Investigating the underlying molecular mechanism of shape formation is crucial for our understanding of organ function. In this work, we used partially elucidated pathways to probe the convergence of two important transcription factor developmental regulators, CLAU and LA, on the balance between CK and GA, from different angles. We examined how the key regulators LA, CLAU and TKN2 interact in promoting and tuning differentiation during leaf development. Analysis of the interaction between CLAU and LA indicates that they operate in mostly parallel pathways (Figs 1 and S1), as LA exacerbates the effect of CLAU deficiency, leading to super-elaboration, while CLAU overexpression rescues LA deficiency, and LA overexpression rescues CLAU deficiency. This is also evident from the bioinformatics analyses (Fig 7 and S3 and S4 Datas). Our work suggests that LA might determine the developmental window during which CLAU acts (S2 Fig) [34]. Thus, despite the mostly parallel genetic pathways, decreased or delayed LA expression during early wild-type leaf development enables the existence of an extended morphogenesis window during which CLAU is expressed. CLAU in turn restricts further expansion of this window. Precocious LA activity thus renders CLAU activity irrelevant, since the spatio-temporal domain in which CLAU is active is essentially abolished upon an early increase in LA activity. This is in agreement with the unique role of CLAU in compound leaf species [22]. It will be interesting to identify additional compound-leaf specific regulators that were recruited in the context of extended morphogenesis. Similarly, the class I KNOX homeobox transcription factor TKN2 was also investigated in the context of extended morphogenesis of compound leaves [48,49,6365], and was shown here to partially mediate the effect of both LA and CLAU in the regulation of the morphogenesis-differentiation balance. Here, we show that the CK-GA balance is a common mechanism that mediates both LA and CLAU activity. Leaf development has been reported to depend on the balance between CK, which promotes morphogenesis, and GA, which promotes differentiation [27,52,53,64,72,73]. The genetic interaction shown here between LA and CK (Fig 6) suggests that LA acts in part by reducing CK sensitivity. This is also supported by a previous report showing an effect of TCP on the sensitivity to CK [41], suggesting that the role of TCP4 and LA is conserved between Arabidopsis and tomato. LA differentiation-promoting activity was shown to also depend on GA response [21,66,74]. CLAU promotes differentiation by elevating GA levels, and, in its absence, the plant becomes less sensitive to GA treatment at the leaf margin (Fig 5). We previously demonstrated that CLAU reduces CK sensitivity [22]. It thus emerges that CLAU and LA converge on the CK-GA balance: both promote differentiation by increasing the plants’ response to GA and reducing its response to CK. The length of the morphogenetic window within leaf differentiation can thus be viewed as an almost binary "lever" of sorts: pulling the lever towards CK will lengthen the window, while pulling it towards GA will shorten the window. It seems that the differentiation-morphogenesis and CK-GA balances are regulated and interpreted in a dose dependent manner (Fig 8). The mutation in the miR319 recognition site in La-2 is dominant, with the homozygote being more severely affected than the heterozygote (Fig 1B) [33,74]. Our results demonstrate a "dose" effect of transcription factor activity and hormone levels that is translated to leaflet number. Overexpression of both CLAU and LA, or either one of these transcription factors overexpressed with CKX (Figs 1 and 6; [22]), or the homozygous version of the dominant La-2 mutant, all exhibit simple leaves without any leaflets, indicating that the capacity for morphogenesis is embodied in the activity of LA, CLAU, CK and GA, acting in concert. It may suggest that additional regulators that were co-opted into the developmental program of compound leaves are regulating this balance. For example, KNOXI proteins such as TKN2 regulate the CK-GA balance, by negatively regulating the expression of the GA biosynthesis gene GA20oxidase (GA20ox) and positively regulating the GA deactivation gene GA2oxidase (GA2ox) [52,54,55,64]. KNOXI proteins also activate CK biosynthesis genes and promote CK accumulation [52,53,55]. Here we show that GA20ox-1 is positively regulated by CLAU (Fig 5). It is therefore possible that the regulation of the CK-GA balance by CLAU and LA may be mediated in part through pathways common with TKN2. The GA-CK balance also plays a key role in meristem maintenance, which highlights the similarities between the shoot apical meristem and the transient meristematic phase in the leaf primordia that is required to preserve and enable organogenesis [75].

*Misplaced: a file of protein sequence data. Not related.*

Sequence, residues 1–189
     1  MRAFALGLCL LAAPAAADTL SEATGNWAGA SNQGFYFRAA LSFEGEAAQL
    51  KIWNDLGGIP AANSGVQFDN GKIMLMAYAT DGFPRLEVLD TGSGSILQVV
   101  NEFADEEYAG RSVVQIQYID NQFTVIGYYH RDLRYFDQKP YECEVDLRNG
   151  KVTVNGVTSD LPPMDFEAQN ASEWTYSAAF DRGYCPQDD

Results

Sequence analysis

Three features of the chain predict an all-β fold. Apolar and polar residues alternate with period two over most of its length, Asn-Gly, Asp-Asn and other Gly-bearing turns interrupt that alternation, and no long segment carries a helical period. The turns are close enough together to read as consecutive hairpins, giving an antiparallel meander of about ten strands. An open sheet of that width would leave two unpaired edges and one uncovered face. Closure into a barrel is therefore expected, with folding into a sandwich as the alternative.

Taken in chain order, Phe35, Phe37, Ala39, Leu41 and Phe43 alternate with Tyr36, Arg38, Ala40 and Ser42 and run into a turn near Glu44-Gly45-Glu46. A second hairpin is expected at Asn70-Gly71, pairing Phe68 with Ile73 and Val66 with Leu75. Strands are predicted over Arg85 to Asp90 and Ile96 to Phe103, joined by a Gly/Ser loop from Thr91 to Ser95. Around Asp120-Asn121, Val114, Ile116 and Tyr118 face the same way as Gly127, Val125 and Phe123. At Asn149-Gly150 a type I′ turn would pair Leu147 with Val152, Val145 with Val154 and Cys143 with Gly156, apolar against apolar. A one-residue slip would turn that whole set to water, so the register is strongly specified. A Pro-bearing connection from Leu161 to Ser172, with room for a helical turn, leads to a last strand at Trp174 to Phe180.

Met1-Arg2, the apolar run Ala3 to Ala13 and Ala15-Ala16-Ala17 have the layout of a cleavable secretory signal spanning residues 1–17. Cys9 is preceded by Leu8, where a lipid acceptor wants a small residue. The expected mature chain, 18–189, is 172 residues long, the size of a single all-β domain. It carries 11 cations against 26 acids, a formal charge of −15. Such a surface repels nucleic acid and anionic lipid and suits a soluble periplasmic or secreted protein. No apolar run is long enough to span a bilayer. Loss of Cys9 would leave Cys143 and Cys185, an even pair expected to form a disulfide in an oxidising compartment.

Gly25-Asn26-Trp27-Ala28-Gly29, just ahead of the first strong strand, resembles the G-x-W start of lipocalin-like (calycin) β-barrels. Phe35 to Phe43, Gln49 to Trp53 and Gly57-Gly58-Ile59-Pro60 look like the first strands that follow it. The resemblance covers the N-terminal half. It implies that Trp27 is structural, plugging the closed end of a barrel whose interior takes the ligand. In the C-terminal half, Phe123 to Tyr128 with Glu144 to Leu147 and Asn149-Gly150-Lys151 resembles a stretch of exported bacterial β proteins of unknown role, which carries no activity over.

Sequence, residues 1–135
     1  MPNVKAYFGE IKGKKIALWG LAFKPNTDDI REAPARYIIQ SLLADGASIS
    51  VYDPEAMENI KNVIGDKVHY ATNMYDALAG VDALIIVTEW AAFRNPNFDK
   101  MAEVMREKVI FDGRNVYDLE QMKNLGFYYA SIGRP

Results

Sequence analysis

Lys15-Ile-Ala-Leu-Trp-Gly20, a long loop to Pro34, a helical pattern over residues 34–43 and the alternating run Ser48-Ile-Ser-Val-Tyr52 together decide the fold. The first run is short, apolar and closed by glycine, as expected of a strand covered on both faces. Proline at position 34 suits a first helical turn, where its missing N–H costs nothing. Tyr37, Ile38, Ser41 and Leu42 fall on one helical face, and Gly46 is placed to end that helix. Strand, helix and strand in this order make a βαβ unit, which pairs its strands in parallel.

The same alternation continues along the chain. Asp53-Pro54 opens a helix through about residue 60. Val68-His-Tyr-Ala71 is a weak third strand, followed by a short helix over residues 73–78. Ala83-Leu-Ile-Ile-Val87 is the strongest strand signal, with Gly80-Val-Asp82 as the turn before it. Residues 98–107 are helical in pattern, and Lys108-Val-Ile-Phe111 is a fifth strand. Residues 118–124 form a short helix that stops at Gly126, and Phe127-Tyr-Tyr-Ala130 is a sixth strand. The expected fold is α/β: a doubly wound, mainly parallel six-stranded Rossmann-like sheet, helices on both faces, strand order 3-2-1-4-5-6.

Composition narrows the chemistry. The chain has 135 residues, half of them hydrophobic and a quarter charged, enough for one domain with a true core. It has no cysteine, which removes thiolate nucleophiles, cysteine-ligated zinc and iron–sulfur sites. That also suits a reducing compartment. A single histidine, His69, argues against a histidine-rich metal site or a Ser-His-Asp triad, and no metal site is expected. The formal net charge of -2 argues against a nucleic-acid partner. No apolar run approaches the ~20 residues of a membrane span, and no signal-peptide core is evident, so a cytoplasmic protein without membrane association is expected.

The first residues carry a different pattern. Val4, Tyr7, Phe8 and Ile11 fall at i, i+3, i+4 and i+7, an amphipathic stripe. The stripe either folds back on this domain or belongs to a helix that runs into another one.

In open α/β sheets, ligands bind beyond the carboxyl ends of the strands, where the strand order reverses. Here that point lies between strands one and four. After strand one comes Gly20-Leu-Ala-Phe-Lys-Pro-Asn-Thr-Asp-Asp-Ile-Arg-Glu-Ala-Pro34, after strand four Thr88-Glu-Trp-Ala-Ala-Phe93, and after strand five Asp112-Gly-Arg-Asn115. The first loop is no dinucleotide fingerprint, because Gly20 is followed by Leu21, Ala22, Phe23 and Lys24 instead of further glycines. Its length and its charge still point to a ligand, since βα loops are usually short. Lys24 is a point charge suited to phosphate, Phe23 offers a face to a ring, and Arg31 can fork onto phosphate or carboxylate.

Fig 8 details a model depicting the roles of CLAU, LA and TKN2 in the CK/GA balance during leaf development. Both LA and CLAU may promote differentiation via inhibition of TKN2, though they also appear to have TKN2 independent activity. The activity of different transcription factors may affect the location of the lever between CK and GA and can do so within different spatial-temporal domains of the developmental program.